Maria Edgeworth is now more or less part of the Romantic-era canon, at least from a pedagogical standpoint. Her novels are taught in numerous undergrad courses because of her importance to various aspects of the development of the novel in English. Yet there are still pieces missing in the bigger picture of Edgeworth scholarship. The 1980s and 90s saw a surge of scholarly interest in the notion of sensibility and its importance in eighteenth-century British culture and literature, and several influential book-length studies and numerous articles were published on the subject. However, Edgeworth has, for the most part, been omitted from that discussion.
Edgeworth's attitude toward sensibility varied widely at different points in her career. In her non-fiction writing, she was skeptical of its importance and perhaps even its existence. This quote comes from Edgeworth's Practical Education, which she wrote with her father, Richard Lovell Edgeworth:
On sympathy we cannot depend, either for the correctness of a man’s moral sentiments, or for the steadiness of his moral conduct. It is very common to talk of the excellence of a person’s heart, of the natural goodness of his disposition; when these expressions distinctly mean any thing, they must refer to natural sympathy, or a superior degree of sensibility. Experience, however, does not teach us, that sensibility and virtue have any certain connection with each other.
In her novels, on the other hand, the signs of sensibility are often the markers she uses to designate her characters as exemplary or superior or virtuous. Conversely, a character lacking in sensibility cannot be the hero or heroine of the story. As an example, here's a quote from her novel Helen, in which the narrator comments on a shallow and vicious character:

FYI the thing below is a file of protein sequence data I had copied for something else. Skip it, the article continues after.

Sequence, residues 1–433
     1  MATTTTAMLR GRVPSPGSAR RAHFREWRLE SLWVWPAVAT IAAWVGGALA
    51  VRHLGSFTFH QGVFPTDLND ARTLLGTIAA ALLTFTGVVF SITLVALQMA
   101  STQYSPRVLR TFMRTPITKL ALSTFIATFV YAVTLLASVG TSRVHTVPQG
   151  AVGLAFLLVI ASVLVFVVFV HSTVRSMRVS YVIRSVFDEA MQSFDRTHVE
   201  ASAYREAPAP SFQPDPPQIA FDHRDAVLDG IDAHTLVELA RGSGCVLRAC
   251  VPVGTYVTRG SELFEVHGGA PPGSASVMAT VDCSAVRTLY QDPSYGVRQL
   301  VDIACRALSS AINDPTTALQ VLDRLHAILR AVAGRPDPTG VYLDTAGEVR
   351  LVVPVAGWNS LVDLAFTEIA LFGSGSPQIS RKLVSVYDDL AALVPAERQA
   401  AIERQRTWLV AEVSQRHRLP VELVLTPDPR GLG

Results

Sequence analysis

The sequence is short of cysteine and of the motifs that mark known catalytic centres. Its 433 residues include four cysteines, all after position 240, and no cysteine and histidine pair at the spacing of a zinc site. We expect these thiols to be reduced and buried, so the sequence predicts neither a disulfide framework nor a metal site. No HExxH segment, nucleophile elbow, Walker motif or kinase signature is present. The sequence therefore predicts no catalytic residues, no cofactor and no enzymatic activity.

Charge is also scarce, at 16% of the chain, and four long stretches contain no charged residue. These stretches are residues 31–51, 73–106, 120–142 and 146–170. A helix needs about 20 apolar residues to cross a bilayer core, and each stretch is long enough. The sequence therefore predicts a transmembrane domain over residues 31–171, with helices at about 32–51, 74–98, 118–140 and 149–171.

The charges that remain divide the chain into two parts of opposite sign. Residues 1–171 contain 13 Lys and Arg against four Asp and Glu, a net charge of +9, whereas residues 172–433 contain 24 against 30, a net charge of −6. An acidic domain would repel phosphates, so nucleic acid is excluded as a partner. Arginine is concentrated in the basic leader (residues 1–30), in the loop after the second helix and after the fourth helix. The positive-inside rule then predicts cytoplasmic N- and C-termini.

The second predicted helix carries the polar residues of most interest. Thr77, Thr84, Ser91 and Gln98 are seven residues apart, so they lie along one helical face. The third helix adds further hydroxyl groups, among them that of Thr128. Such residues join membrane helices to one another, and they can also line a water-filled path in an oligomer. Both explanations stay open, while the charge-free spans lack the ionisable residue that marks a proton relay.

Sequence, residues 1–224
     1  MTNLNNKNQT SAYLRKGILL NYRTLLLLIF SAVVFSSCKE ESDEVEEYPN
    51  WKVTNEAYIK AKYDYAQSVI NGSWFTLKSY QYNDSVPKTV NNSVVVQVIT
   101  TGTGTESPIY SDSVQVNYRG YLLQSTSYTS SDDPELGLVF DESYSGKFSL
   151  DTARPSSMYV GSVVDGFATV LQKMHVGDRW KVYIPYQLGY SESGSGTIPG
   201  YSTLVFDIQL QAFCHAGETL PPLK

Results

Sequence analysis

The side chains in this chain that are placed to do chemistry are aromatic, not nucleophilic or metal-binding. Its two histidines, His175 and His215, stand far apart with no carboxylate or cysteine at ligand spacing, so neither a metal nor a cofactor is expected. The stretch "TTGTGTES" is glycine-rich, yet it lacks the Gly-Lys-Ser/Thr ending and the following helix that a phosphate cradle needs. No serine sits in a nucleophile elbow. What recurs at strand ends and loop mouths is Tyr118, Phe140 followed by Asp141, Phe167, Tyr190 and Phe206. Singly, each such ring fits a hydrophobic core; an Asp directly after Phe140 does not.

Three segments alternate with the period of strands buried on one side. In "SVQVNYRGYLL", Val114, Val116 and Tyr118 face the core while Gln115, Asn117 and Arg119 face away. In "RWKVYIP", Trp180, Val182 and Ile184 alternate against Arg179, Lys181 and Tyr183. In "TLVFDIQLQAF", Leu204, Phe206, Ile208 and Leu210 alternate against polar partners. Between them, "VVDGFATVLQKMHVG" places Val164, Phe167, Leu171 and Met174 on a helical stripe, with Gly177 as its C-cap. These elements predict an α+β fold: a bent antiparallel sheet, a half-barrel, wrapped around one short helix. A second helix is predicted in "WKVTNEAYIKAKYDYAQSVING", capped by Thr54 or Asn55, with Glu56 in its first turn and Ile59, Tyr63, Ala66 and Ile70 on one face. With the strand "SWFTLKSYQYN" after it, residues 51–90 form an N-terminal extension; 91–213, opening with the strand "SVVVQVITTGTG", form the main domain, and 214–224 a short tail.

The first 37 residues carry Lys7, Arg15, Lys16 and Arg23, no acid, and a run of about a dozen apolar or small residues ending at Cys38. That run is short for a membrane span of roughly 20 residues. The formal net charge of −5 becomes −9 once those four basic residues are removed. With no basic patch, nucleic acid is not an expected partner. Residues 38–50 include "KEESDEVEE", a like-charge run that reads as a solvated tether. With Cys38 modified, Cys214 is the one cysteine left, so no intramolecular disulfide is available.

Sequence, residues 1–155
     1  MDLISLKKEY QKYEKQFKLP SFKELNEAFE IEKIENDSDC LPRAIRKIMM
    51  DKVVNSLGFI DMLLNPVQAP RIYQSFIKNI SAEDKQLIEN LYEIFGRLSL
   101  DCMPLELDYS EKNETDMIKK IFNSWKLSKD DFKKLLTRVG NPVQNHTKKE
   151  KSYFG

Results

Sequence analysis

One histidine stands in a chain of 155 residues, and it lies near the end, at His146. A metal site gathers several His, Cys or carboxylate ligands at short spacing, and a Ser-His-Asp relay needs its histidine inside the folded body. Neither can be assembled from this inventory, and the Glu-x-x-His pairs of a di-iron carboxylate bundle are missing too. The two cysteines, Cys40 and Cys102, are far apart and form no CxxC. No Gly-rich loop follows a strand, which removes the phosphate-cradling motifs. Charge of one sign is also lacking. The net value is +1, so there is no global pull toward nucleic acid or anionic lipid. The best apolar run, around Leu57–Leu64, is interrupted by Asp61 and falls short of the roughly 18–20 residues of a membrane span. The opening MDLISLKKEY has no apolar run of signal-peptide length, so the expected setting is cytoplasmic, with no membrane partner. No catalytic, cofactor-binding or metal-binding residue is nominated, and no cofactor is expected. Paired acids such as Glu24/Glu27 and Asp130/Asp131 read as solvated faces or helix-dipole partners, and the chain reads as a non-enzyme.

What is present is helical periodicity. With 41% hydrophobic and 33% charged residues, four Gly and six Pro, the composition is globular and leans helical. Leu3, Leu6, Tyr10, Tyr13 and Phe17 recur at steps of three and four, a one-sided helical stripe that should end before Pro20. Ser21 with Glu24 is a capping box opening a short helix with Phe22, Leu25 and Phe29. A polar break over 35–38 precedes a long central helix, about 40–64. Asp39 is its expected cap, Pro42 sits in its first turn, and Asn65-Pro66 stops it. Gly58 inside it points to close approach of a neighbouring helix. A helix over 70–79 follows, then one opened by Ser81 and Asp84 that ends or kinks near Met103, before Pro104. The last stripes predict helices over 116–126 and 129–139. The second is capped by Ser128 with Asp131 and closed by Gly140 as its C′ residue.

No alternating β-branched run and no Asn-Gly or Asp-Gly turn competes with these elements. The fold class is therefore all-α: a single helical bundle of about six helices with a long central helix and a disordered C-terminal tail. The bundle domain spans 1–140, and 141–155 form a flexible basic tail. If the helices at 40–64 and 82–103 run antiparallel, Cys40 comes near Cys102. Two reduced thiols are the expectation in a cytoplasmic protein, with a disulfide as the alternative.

There are things which no man of real generosity could say or do, or think, put him in ever so great a passion. He would not be harsh to an inferior – a woman – a protégée on whom he had conferred obligations; but Mr Churchill was harsh – he showed neither generosity nor feeling; and Helen’s good opinion of him sank to rise no more.
Of this, however, he had not enough of the sympathy or penetration of feeling to be aware.
In spite of Edgeworth's assertions in her non-fiction works that education trumps every inclination of nature, it is in fact Mr. Churchill's nature that marks him as inferior. His behavior is merely an expression of that nature.
Why the discrepancy? Edgeworth's declared purpose in writing novels was didactic, so the facile explanation that the novel is simply fiction and does not reflect the author's views can reasonably be dismissed. It could be that she changed her mind over time - Practical Education was written before any of the novels I'm examining. However, I suspect that the answer is more complex. I think that part of Edgeworth's project was to reclaim sensibility from the realm of the sentimental, and return it to a more Shaftesburian notion of "moral sense" mediated by education or self-refinement.
I think I finally have an argument.